New Mexico official stated that they’re ‘not exactly sure’ of Alec Baldwin’s present ‘whereabouts’ though they added that the actor has been cooperating in the probe of last week’s deadly shooting of a cinematographer on the set of his film Rust.
Baldwin, who has not been asked by law enforcement officials to remain in New Mexico, retweeted a New York Times article on Wednesday about the apparent accident.
Santa Fe Sheriff: The gun Alec Baldwin fired was a Colt 45— Jack Posobiec 🇺🇸 (@JackPosobiec) October 27, 2021
The Times' story reports that assistant director Dave Halls told investigators that he should have inspected each round in each chamber before Baldwin fired the fatal shot that killed Halyna Hutchins and wounded director Joel Souza last Thursday.
'Before he handed a revolver that he had declared "cold" to Alec Baldwin on the set of the film "Rust," Dave Halls, an assistant director, told a detective he should have inspected each round in each chamber, according to an affidavit. But he did not,' read the tweet.
Halls was apparently unaware that there were live rounds inside the chamber of the gun, according to legal documents.
Halls admitted to investigators that he didn't check every barrel of his gun but 'should have' before he handed it to him on the set of Rust last week, and that he only looked at three of the five chambers in the weapon.
Halls' bombshell admission is in a search warrant that was unsealed by the Sante Fe County Sheriff's department and issued on Wednesday afternoon.
It contains details of Halls' interview with the cops, and what Hannah Gutierrez-Reed told them too.
Souza, who was released from the hospital after suffering a bullet wound to the shoulder, was seen in public on Tuesday near his San Francisco home for the first time since the tragedy.
Baldwin was last seen on Saturday morning leaving a New Mexico hotel with Hutchins' widower, Matthew Hutchins, and his son, Andros.
According to Fox News, Baldwin is having work done on his home in the Hamptons, which makes it likely that he and his family are not there.
Meanwhile, an arrest affidavit indicates that Baldwin was one of four people to have handled the weapon that he fired during rehearsals for the film.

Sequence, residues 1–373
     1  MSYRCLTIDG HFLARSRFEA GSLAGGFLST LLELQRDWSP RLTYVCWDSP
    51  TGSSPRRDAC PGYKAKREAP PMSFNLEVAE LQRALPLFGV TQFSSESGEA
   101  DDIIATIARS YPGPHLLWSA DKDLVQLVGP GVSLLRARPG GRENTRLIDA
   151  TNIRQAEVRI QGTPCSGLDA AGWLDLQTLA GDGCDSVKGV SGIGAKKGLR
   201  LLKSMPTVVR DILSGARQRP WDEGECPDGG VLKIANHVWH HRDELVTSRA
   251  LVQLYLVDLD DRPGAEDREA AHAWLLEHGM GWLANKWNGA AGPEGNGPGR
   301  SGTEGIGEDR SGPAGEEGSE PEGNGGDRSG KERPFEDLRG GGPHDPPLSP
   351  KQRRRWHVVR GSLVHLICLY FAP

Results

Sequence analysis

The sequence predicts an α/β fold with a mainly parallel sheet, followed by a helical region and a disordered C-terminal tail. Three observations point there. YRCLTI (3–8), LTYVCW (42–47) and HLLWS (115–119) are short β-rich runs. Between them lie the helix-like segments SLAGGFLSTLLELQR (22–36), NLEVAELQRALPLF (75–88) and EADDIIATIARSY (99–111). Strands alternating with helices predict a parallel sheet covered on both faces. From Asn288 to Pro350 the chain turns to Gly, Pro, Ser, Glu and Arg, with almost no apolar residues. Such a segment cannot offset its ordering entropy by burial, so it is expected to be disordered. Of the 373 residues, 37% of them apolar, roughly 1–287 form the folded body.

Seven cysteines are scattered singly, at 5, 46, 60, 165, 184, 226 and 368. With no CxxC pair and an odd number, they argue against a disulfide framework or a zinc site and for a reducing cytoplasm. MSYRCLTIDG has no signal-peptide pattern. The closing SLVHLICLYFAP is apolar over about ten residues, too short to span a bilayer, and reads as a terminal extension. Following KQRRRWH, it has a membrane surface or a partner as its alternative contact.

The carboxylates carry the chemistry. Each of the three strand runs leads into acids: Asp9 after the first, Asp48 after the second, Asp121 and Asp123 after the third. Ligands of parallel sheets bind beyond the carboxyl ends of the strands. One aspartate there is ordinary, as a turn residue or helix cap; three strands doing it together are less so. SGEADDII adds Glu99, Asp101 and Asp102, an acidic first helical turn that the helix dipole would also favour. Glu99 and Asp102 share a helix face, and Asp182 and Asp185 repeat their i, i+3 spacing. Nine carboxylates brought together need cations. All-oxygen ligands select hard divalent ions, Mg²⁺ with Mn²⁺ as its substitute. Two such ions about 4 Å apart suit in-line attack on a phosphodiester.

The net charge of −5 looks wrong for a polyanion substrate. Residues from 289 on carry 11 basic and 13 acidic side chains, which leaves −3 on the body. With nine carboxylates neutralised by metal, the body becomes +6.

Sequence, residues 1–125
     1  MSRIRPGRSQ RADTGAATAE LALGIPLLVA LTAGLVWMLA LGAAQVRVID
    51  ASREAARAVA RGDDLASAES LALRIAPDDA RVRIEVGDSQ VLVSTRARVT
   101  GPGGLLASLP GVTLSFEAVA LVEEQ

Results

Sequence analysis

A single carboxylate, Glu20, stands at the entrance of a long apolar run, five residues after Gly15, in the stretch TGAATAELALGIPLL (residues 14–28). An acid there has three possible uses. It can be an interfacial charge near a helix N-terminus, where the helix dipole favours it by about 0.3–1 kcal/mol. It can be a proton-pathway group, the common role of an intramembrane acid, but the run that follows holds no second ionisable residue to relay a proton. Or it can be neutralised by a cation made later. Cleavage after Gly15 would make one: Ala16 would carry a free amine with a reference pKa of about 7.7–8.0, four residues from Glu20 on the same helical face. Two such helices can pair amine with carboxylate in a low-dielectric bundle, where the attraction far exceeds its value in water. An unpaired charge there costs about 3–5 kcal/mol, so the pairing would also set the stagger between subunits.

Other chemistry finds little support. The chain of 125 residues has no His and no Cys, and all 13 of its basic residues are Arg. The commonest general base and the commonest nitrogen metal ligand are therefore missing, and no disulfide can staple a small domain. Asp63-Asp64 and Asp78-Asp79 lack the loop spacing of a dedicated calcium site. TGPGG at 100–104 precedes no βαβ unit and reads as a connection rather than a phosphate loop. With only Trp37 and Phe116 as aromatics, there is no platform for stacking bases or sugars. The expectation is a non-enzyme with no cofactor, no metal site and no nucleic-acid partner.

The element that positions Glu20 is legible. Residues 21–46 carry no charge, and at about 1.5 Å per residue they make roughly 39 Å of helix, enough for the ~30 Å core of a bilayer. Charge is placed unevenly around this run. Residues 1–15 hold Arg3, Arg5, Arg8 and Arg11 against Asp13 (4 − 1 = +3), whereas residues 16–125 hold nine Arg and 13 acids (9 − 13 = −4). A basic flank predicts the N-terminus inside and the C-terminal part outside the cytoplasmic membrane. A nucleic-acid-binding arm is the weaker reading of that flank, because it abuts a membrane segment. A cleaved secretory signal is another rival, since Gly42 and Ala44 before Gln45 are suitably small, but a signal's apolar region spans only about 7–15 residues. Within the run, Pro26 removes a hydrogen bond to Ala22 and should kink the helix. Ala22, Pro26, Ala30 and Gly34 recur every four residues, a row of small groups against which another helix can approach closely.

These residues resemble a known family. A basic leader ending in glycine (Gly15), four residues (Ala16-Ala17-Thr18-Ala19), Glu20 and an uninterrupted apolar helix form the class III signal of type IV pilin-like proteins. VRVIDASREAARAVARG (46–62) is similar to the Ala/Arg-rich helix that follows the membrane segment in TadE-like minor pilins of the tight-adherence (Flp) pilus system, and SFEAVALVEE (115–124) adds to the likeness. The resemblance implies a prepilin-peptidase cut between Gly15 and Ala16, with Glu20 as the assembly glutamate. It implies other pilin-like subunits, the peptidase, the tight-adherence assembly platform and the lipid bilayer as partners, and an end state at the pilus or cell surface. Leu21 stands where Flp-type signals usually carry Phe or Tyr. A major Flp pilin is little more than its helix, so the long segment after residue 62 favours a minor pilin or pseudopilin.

Baldwin was the last person to take the gun. He was handed the weapon by Halls, according to investigators.
Before then, the gun was taken out of a safe in a truck by Sarah Zachry, the film's prop master. She then handed the gun to Gutierrez.
Gutierrez, the armorer, told investigators that only a few people know the combination to the safe, according to The New York Times.
She told detectives that she had checked dummy rounds - or those that contain no gun powder or primer cap - and ensured they were not 'hot,' according to the Times.
When the crew took a break for lunch, ammunition was left out on a cart on the set, where they were 'not secured,' according to legal documents.
Gutierrez set up a gray two-tiered cart outside the set. Halls took the gun from the cart and gave it to Baldwin, according to legal documents cited by the Times.
After lunch, Zachry took guns from the safe and handed them to Gutierrez, according to Gutierrez's statement to investigators.
Baldwin’s retweet on Wednesday was his first social media activity since Saturday, when he posted a link to a Variety story with the headline: 'Alec Baldwin Was Told Prop Gun Was Safe Before Fatal Shooting, Affidavit Says.'
The previous day, Baldwin tweeted a statement expressing sadness over Hutchins’ death.
'There are no words to convey my shock and sadness regarding the tragic accident that took the life of Halyna Hutchins, a wife, mother and deeply admired colleague of ours,' Baldwin said Friday morning on Twitter.
'I'm fully cooperating with the police investigation to address how this tragedy occurred and I am in touch with her husband, offering my support to him and his family. My heart is broken for her husband, their son, and all who knew and loved Halyna.'
A .45-caliber Colt revolver used on the set of the film Rust was not thoroughly checked before being given to Baldwin, who fired a live lead bullet, according to officials and a new court filing.
Investigators said on Wednesday that there was 'some complacency' in how weapons were handled on the movie set, but it's too soon to determine whether charges will be filed.
Santa Fe County Sheriff Adan Mendoza noted that 500 rounds of ammunition - a mix of blanks, dummy rounds and suspected live rounds - were found while searching the set of the Western Rust.
'Obviously I think the industry has had a record recently of being safe. I think there was some complacency on this set, and I think there are some safety issues that need to be addressed by the industry and possibly by the state of New Mexico,' Mendoza told a news conference nearly a week after the shooting.
Authorities also confirmed there was no footage of the shooting, which happened during a rehearsal.
Investigators believe Baldwin's gun fired a single live round that killed Hutchins and wounded Souza.
Detectives have recovered a lead projectile they believe the actor fired last week.
Testing is being done to confirm whether the projectile taken from Souza's shoulder was fired from the same long Colt revolver used by Baldwin.